Other moves have caused controversy. The ABC's national youth radio station Triple J announced in 2017 it would move its popular Hottest 100 countdown from 26 January after 60 per cent of listeners surveyed said it should out of respect for Indigenous Australians.
Fremantle Council voted in late 2016 to cancel its traditional Australia Day celebrations out of respect to Indigenous people. Melbourne councils Yarra and Darebin also voted to cancel their citizenship ceremonies on 26 January for the same reasons. NSW's Byron Shire Council has since moved parts of their festivities from 26 January. Each has been fiercely criticised by the federal government.
“I think it shows Australia maturing as a nation and coming to terms … with the violent past of this country,” Professor Damousi said. “Where will it all end? I think, in years to come, you’ll find a more of an acceptance of the history we know happened.”
Who wants to keep Australia Day as it is?
Prime Minister Scott Morrison insists Australia Day belongs on 26 January and should not change.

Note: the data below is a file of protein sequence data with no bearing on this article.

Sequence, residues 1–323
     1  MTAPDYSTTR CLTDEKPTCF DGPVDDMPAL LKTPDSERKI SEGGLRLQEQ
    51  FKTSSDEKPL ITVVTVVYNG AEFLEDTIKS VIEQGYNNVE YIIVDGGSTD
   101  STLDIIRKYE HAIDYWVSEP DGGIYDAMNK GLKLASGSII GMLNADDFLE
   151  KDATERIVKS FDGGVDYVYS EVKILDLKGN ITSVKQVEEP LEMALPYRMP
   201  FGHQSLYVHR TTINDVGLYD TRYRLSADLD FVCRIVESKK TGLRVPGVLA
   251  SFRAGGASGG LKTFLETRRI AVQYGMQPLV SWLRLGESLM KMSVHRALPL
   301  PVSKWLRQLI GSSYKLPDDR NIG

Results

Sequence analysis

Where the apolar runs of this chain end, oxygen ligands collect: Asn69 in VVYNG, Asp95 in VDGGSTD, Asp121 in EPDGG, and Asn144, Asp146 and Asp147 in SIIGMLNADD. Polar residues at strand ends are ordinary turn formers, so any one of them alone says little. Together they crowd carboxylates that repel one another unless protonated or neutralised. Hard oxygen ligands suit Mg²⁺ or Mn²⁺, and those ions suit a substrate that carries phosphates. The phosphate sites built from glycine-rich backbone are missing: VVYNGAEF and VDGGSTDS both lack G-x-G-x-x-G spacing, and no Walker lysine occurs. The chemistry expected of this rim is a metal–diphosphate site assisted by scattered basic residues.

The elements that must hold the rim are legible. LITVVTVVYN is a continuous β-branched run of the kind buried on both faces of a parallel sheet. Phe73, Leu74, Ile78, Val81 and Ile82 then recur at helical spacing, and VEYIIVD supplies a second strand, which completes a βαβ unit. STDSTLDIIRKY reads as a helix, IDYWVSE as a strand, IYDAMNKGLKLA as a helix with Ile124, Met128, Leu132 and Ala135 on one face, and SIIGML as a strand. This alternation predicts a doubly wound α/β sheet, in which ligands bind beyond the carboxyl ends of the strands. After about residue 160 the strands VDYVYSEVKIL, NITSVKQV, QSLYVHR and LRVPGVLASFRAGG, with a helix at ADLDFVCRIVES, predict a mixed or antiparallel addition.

Like his predecessor Malcolm Turnbull, his government took swift action to punish a local council that moved its festivities by stripping the council of its right to hold citizenship ceremonies.
"Australia Day is 26 January. That was the day that Australia's course changed forever," Mr Morrison has said.
"You don't pretend your birthday was on a different day ... you look at your whole life's experience. Your achievements and a few scars and from some mistakes and things that you could have done better."
Mr Morrison has suggested a second national holiday, specifically for recognising the history of Indigenous Australians, but has not proposed a date for it.
And former prime minister Tony Abbott left no one in doubt as to how he felt last year when he said the arrival of the First Fleet was “a good thing” for Aboriginal people.